Researchers from Stanford University Describe Findings in Cancer Gene Therapy (Imaging of hepatocellular carcinoma patient-derived xenografts using ??Zr-labeled anti-glypican-3 monoclonal antibody)
By a News Reporter-Staff News Editor at Cancer Gene Therapy Week -- Research findings on Biotechnology are discussed in a new report. According to news reporting from Stanford, California, by NewsRx journalists, research stated, "Imaging probes for early detection of hepatocellular carcinoma (HCC) are highly desired to overcome current diagnostic limitations which lead to poor prognosis. The membrane protein glypican-3 (GPC3) is a potential molecular target for early HCC detection as it is over-expressed in >50% of HCCs, and is associated with early hepatocarcinogenesis."
The news correspondents obtained a quote from the research from Stanford University, "We synthesized the positron emission tomography (PET) probe (89)Zr-DFO-1G12 by bioconjugating and radiolabeling the anti-GPC3 monoclonal antibody (clone 1G12) with (89)Zr, and evaluated its tumor-targeting capacity. In vitro, (89)Zr-DFO-1G12 was specifically taken up into GPC3-positive HCC cells only, but not in the GPC3-negative prostate cancer cell line (PC3). In vivo, (89)Zr-DFO-1G12 specifically accumulated in subcutaneous GPC3-positive HCC xenografts only, but not in PC3 xenografts. Importantly, (89)Zr-DFO-1G12 delineated orthotopic HCC xenografts from surrounding normal liver, with tumor/liver (T/L) ratios of 6.65 ± 1.33 for HepG2, and 4.29 ± 0.52 for Hep3B xenografts. It also delineated orthotopic xenografts derived from three GPC3-positive HCC patient specimens, with T/L ratios of 4.21 ± 0.64, 2.78 ± 0.26, and 2.31 ± 0.38 at 168 h p.i."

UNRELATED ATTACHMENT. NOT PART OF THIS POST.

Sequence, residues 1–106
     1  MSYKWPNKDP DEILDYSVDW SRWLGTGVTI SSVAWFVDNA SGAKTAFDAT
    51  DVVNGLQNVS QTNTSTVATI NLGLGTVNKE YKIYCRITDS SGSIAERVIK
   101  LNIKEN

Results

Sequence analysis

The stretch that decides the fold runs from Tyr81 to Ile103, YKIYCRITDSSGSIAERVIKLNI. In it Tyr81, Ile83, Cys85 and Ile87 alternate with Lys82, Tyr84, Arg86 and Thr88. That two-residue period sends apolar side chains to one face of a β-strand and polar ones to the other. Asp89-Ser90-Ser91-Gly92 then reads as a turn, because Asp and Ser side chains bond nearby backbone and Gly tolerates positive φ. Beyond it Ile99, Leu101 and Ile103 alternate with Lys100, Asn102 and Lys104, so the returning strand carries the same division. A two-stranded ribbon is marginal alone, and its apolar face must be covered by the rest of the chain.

According to the news reporters, the research concluded: "Thus, (89)Zr-DFO-1G12 is a highly translatable probe for the specific and high contrast imaging of GPC3-positive HCCs, which may aid early detection of HCC to allow timely intervention."
For more information on this research see: Imaging of hepatocellular carcinoma patient-derived xenografts using ??Zr-labeled anti-glypican-3 monoclonal antibody. Biomaterials, 2014;35(25):6964-71. (Elsevier - www.elsevier.com; Biomaterials - www.elsevier.com/wps/product/cws_home/30392)
Our news journalists report that additional information may be obtained by contacting X. Yang, Asian Liver Center, Dept. of Surgery, Stanford University, School of Medicine, Stanford, CA 94305, United States. Additional authors for this research include H. Liu, C.K. Sun, A. Natarajan, X. Hu, X. Wang, M. Allegretta, R.D. Guttmann, S.S. Gambhir, M.S. Chua, Z. Cheng and S.K So (see also Biotechnology).
Keywords for this news article include: Antibodies, Biotechnology, Stanford, Oncology, Xenograft, California, Immunology, United States, Blood Proteins, Immunoglobulins, Xenotransplantion, Cancer Gene Therapy, Hepatocellular Carcinoma, North and Central America.
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